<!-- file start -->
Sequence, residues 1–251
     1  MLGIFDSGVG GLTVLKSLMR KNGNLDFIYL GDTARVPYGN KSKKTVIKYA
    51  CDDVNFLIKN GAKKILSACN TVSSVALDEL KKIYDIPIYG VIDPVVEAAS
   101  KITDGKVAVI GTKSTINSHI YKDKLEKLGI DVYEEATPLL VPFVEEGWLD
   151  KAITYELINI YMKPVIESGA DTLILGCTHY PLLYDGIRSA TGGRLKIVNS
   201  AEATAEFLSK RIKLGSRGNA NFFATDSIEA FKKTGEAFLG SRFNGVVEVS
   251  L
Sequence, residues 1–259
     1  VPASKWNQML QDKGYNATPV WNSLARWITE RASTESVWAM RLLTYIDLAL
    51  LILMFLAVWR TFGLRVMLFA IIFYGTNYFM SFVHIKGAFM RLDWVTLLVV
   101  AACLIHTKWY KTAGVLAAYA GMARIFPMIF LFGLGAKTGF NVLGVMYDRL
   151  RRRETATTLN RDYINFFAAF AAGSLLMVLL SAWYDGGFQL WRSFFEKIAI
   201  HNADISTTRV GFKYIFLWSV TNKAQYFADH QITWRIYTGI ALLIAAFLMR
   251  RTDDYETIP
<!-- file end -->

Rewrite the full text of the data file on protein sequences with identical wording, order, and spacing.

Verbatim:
Sequence, residues 1–251
     1  MLGIFDSGVG GLTVLKSLMR KNGNLDFIYL GDTARVPYGN KSKKTVIKYA
    51  CDDVNFLIKN GAKKILSACN TVSSVALDEL KKIYDIPIYG VIDPVVEAAS
   101  KITDGKVAVI GTKSTINSHI YKDKLEKLGI DVYEEATPLL VPFVEEGWLD
   151  KAITYELINI YMKPVIESGA DTLILGCTHY PLLYDGIRSA TGGRLKIVNS
   201  AEATAEFLSK RIKLGSRGNA NFFATDSIEA FKKTGEAFLG SRFNGVVEVS
   251  L
Sequence, residues 1–259
     1  VPASKWNQML QDKGYNATPV WNSLARWITE RASTESVWAM RLLTYIDLAL
    51  LILMFLAVWR TFGLRVMLFA IIFYGTNYFM SFVHIKGAFM RLDWVTLLVV
   101  AACLIHTKWY KTAGVLAAYA GMARIFPMIF LFGLGAKTGF NVLGVMYDRL
   151  RRRETATTLN RDYINFFAAF AAGSLLMVLL SAWYDGGFQL WRSFFEKIAI
   201  HNADISTTRV GFKYIFLWSV TNKAQYFADH QITWRIYTGI ALLIAAFLMR
   251  RTDDYETIP